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Got Dirt? Beyond Nature-Deficit Disorder

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"In South Carolina, a truckload of dirt is the same price as a video game!" reports Norman McGee, a father in that state who bought a small pickup-load of dirt for his daughter and friends.

McGee is turning consciousness into action. So is Liz Baird, who keeps a "wonder bowl" available for her children.

When Baird was a little girl she would fill her pockets with natural wonders--acorns, rocks, mushrooms. "My Mom got tired of washing clothes and finding these treasures in the bottom of the washer or disintegrated through the dryer," Liz recalls. "So she came up with 'Liz's Wonder Bowl,' and the idea was that I could empty my pockets into the bowl. I could still enjoy my treasures, and try to find out what things were, and not cause trouble with the laundry."

McGee and Baird are among the thousands of parents who have joined - and are leading - an international children and nature movement. Sometimes known as Leave No Child Inside, the effort is bringing together people from all walks of life, who are creating grassroots regional campaigns, state and national legislation, and changes in their own families to help children become happier, healthier and smarter.

An emerging body of scientific knowledge links nature time to longer attention spans, better cognitive functioning, reduction of stress, and strengthened family bonds. What better way to enhance parent-child attachment than to walk in the woods together, disengaging from distracting electronics, advertising, and peer pressure?

Howard Frumkin, director of the National Center for Environmental Health at Centers for Disease Control, recently describes the clear benefits of nature experiences to healthy child development, and to adult well-being.

"In the same way that protecting water and protecting air are strategies for promoting public health, protecting natural landscapes can be seen as a powerful form of preventive medicine," he says. He believes that future research about the positive health effects of nature should be conducted in collaboration with architects, urban planners, park designers, and landscape architects. "Of course, there is still much we need to learn, such as what kinds of nature contact are most beneficial to health, how much contact is needed and how to measure that, and what groups of people benefit most. But we know enough to act."

If you're a parent who missed out on nature as a child, now's your chance. Indeed, all the gifts of nature that come to children also come to the good adult who introduces a child to nature.

Young people are acting, too, by becoming natural leaders in the movement. For example, a seven-year-old girl in Virginia rounded up her friends and enrolled them in her own Girls Gone Wild in Nature Club. Together they organize backyard camp-outs and bug hunts.

In Mississippi, teenager Josh Morrison founded Geeks in the Woods for his friends and fellow geeks everywhere. He defines "geek" as a "gaming environmentally educated kid," and says he and his friends -- "tired of being labeled" tech addicts -- can have their PlayStations and their outdoor time too: "We could be the generation that makes a U-turn back to...a balance between virtual reality and what sustains all life...nature."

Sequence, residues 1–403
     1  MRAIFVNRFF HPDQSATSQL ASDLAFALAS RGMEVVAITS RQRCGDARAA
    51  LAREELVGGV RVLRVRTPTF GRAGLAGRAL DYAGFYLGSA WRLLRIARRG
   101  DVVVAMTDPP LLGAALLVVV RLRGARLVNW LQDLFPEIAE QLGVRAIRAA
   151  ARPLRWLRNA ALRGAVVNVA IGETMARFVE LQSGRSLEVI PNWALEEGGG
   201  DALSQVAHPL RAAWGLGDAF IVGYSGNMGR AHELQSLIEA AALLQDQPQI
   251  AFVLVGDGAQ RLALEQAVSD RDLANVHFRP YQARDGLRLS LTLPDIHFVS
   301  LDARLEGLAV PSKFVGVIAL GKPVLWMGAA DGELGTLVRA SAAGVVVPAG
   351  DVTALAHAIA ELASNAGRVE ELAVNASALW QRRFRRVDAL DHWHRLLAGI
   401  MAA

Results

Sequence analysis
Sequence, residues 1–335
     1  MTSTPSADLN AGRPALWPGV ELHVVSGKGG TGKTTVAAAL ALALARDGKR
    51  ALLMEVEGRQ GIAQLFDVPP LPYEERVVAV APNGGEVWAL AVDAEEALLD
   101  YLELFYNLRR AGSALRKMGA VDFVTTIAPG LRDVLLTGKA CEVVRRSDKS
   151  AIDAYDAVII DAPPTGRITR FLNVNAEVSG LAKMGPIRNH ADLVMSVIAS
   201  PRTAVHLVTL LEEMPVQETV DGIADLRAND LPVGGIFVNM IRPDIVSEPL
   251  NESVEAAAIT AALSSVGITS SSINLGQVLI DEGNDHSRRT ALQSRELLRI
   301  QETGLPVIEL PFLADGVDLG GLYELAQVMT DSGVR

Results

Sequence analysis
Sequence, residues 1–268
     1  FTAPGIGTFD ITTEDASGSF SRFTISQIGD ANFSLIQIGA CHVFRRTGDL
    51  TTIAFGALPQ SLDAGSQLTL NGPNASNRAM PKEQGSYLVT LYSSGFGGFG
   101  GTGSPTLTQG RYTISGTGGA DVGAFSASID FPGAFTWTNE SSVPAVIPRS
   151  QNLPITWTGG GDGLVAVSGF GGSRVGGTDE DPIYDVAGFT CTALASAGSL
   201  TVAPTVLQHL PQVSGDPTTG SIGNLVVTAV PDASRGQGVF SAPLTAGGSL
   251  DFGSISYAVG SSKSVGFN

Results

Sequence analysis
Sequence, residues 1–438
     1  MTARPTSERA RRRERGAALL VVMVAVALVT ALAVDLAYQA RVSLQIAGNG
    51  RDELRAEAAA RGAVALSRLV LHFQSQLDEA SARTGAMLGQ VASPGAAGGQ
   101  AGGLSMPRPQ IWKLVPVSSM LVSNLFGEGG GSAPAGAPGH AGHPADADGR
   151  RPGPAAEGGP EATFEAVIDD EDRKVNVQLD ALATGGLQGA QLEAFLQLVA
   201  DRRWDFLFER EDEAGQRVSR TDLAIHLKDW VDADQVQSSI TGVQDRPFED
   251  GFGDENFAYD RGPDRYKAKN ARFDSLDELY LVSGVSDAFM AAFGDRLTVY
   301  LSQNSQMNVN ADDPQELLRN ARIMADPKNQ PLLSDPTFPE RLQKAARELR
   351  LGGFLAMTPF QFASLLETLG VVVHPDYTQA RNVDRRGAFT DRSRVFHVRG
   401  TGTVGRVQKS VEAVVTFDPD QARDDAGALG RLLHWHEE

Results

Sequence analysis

Five Actions You Can Take Today

1. Go for a family walk when the moon is full. There's a whole new set of animals, sights and sounds out there. Listen to animals calling. Owls and bats are looking for prey. Watch for things glowing, like worms and fungus on trees. And look up at the stars.

2. Help your child discover a hidden universe. Find a scrap board and place it on bare dirt. Come back in a day or two, lift the board, and see how many species have found shelter there. Identify them with the help of a field guide. Return to this universe once a month, lift the board and discover who's new.

3. Tell your children stories about your special childhood places in nature. Then help them find their own: leaves beneath a backyard willow, the bend of a creek, the meadow in the woods. Let it become their intimate connection with the natural world.

4. Revive old traditions. Collect lightning bugs at dusk, release them at dawn. Make a leaf collection. Keep a terrarium or aquarium. Go crawdadding--tie a piece of liver or bacon to a string, drop it into a creek or pond, wait until a crawdad tugs.

5. Invent your own nature game. One mother's suggestion: "We help our kids pay attention during longer hikes by playing 'find ten critters'--mammals, birds, insects, reptiles, snails, and other creatures. Finding a critter can also mean discovering footprints, mole holes, and other signs that an animal has passed by or lives there."

Adapted from LAST CHILD IN THE WOODS by Richard Louv, © 2008. Reprinted by permission of Algonquin Books of Chapel Hill.

In our families and our communities, it's time to take action. That's why the new, expanded 2008 edition of "Last Child in the Woods" contains a "Field Guide" with 100 Actions that families and communities can take, along with discussion questions, a report on the movement, and other resources for parents, educators, conservationists, business people and community leaders.

For more information on the Second Edition of "Last Child in the Woods: Saving Our Children from Nature-Deficit Disorder," go to www.lastchildinthewoods.com. To help build the movement, please join the Children & Nature Network at www.childrenandnature.org

Richard Louv, recipient of the 2008 Audubon Medal, is the author of seven books. The chairman of the Children & Nature Network (www.cnaturenet.org), he is also honorary co-chair of the National Forum on Children and Nature.

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